They devoted most of their energy to a display dedicated to the Native Americans in the area, but it was incredibly preachy. Rather than offering a historical perspective about who the tribes were and the interplay of tribes with each other and Europeans (in both cases sometimes peaceful and sometimes violent), it fell back on the simple narrative of white oppression.
The museum also has an outside living history area with a pioneer home and a blacksmith shop. The blacksmith shop was the most interesting because we got to watch the blacksmith make nails for our kids. He also taught us the origin of the saying “dead as a doornail.”
Overall, we were disappointed by a museum we heard so much about.
Bozeman has a nice downtown area with some older buildings and a lot of shops and restaurants. Note that the shops close down around 5 pm. We arrived just after that time, so we only got to window shop and eat dinner.
We ate dinner at Lapa Grill, which offered outdoor seating and some really interesting dishes, such as the Wrap of Khan, a vegan plate that Cheryl enjoyed. I had the Buffalo Nomad, which had bison cubes. I’m no vegan, but I have to admit that Cheryl’s dish was better.
The next morning, we ate breakfast at the Western Cafe, which was AWESOME. My children loved their Snowman Pancakes, and I had the Bobcat Breakfast, named after the Montana State Bobcats.
The interior of the cafe had the Old West decor, with old Yellowstone and Glacier National Park advertisements thrown in there for good measure.
Bozeman has many parks throughout the city. These parks are interconnected by the Main Street to Mountain trail system. There are miles of trails throughout the city that you could bike, run, or walk.
We parked at the library and walked through the Sculpture Park and connected to Peets Hill/Burke Park. This gave us a great overview of the city and the nearby mountains, which were especially beautiful at sunset.
How far is Bozeman from Yellowstone?
Bozeman is about an hour and a half from the North Entrance to Yellowstone, or 78 miles (125 km). It is about an hour and 45 minutes from the West Entrance to Yellowstone, or 89 miles (143 km).
So far, we’ve covered only the things to do in Bozeman. Now let’s look at the different paths to Yellowstone and what you can do along the way.
Three Routes to Yellowstone
There are actually three routes from Bozeman to Yellowstone. Each one goes through a scenic valley.
The shortest goes through Paradise Valley to Gardiner, Montana, and Yellowstone’s North Entrance.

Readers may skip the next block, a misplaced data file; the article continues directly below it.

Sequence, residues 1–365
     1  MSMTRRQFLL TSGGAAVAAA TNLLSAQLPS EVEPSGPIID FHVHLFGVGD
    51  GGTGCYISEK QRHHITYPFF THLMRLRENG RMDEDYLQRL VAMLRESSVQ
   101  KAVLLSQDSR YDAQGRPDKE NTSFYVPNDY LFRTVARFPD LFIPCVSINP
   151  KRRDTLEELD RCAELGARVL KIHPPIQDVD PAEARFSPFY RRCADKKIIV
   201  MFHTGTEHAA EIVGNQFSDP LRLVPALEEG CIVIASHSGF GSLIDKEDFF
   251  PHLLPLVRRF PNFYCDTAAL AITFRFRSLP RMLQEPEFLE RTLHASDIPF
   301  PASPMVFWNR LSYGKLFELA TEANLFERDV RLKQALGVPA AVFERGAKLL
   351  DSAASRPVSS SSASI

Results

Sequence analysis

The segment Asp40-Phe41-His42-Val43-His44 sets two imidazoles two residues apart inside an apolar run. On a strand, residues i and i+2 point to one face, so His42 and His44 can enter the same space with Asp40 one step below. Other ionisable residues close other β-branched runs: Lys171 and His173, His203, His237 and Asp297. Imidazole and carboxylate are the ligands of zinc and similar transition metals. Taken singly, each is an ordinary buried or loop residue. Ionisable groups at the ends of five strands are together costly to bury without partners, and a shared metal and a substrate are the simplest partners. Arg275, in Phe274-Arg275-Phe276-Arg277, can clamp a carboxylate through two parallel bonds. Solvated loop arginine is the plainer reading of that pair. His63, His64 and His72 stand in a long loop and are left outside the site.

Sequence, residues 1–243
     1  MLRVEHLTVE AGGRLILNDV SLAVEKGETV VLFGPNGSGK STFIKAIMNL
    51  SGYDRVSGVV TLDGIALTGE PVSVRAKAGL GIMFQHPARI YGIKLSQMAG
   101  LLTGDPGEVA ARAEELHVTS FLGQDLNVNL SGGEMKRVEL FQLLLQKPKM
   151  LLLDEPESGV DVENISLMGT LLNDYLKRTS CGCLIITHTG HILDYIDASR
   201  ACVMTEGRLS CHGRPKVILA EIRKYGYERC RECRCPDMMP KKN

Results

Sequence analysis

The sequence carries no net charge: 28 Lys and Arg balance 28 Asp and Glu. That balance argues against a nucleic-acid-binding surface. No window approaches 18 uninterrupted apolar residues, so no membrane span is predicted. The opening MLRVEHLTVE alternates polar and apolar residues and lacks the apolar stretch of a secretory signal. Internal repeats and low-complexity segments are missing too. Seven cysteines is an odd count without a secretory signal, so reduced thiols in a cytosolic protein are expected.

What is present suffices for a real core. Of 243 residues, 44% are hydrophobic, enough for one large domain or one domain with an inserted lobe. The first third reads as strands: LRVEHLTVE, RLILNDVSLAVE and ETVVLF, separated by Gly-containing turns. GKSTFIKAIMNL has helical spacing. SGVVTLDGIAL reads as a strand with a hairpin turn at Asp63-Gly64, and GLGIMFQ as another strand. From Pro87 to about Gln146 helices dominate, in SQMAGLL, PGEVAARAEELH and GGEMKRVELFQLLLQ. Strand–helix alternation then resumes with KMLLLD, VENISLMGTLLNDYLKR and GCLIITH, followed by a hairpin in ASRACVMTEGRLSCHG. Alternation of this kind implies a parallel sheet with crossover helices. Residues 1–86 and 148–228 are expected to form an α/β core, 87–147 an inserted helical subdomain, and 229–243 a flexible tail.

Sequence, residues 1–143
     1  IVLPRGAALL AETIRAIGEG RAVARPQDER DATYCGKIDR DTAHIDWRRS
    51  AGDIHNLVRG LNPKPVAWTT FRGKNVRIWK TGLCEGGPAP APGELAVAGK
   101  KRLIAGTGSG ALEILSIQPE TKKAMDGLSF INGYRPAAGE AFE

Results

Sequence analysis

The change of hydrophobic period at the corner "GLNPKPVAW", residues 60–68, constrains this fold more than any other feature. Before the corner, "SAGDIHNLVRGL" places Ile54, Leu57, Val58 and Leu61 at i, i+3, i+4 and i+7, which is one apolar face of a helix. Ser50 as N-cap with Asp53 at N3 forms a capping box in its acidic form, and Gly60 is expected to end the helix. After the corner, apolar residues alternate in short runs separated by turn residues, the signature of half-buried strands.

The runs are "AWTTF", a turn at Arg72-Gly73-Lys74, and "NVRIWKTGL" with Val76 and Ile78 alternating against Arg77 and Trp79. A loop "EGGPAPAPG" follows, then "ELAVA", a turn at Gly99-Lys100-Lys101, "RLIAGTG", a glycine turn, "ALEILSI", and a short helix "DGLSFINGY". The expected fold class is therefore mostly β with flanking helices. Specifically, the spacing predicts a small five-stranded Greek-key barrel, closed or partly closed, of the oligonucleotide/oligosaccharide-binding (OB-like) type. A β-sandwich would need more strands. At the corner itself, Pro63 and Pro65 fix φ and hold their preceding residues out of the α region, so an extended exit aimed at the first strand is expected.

But don’t overlook the other two options, as they aren’t much farther and offer some things to see along the way.
Through Paradise Valley to Yellowstone’s North Entrance
Highway 89 is the most direct route to Yellowstone, but it enters the North Entrance, which is close to Mammoth Hot Springs but is still far away from some of the main attractions such as Old Faithful and the Grand Canyon of the Yellowstone.
Here are some things to see and do on the way.
Montana Grizzly Encounter
This is a bear park located right off I-90 and only takes about 30-60 minutes to see. They have four grizzly bears, which they bring out one at a time for us to see. The bears are very playful when they come out.
It was a rudimentary park with few facilities and basic structures for its gift shop and viewing area, but we got to see the bears at very close range.
- Read our full review of the Montana Grizzly Encounter.
Before the automobile, Yellowstone visitors arrived on a train in Livingston, MT. Today, you can still visit the rail depot, walk around the cute historic downtown, and visit the Yellowstone Gateway Museum.
The museum was closed by the time we arrived, and we didn’t have much time to check out the town, but it did have a nice “feel” to it. We heard Montana’s Rib & Chop House was the place to eat!
Paradise Valley is probably the most scenic of the three drives from Bozeman to Yellowstone. It has mountains on both sides with a scenic valley in between. It’s a lovely drive.
There are two roads through Paradise Valley: You can stay on Highway 89 or take the back way along Route 540. Though all in the same valley, Route 540 does offer some different views.
There are also plenty of fishing opportunities all along the Yellowstone River, which flows through Paradise Valley.
Chico Hot Springs
There are many resorts on the edges of Yellowstone National Park. Chico Hot Springs is one of the oldest and most famous.
Built around 1900, Chico Hot Springs prides itself on taking you back to a simpler time.
It offers many lodging choices for varying budgets. We stayed in the original hotel, which had real keys and shared bathrooms.
We had fun swimming and playing in the Hot Springs, which is more like a pool with warm water. Montana was going through a hot spell while we were there, so it was too hot to be in the hot springs in the day, but the morning and evening were fantastic!
A popular thing to do is eat dinner in the fancy dining room, which does not allow cell phones. This was more than we wanted to spend (we have a family of six), so we opted instead to eat at the grill next to the pool, which was fantastic.
They also have a cool-looking saloon next to the pool.
Note: you need to make reservations for the hotel AND the dinner well in advance!
Finally, you’ll arrive in Gardiner, Montana, which literally borders Yellowstone National Park.
We’ve written another article all about Gardiner, Montana.
Through Gallatin Valley to Yellowstone’s West Entrance
The drive through Gallatin Valley on Route 191 is very different than Paradise Valley, and it leads to the West Yellowstone entrance. Gallatin Valley is more of a canyon than a valley in some parts, then opens up to valley views in other parts.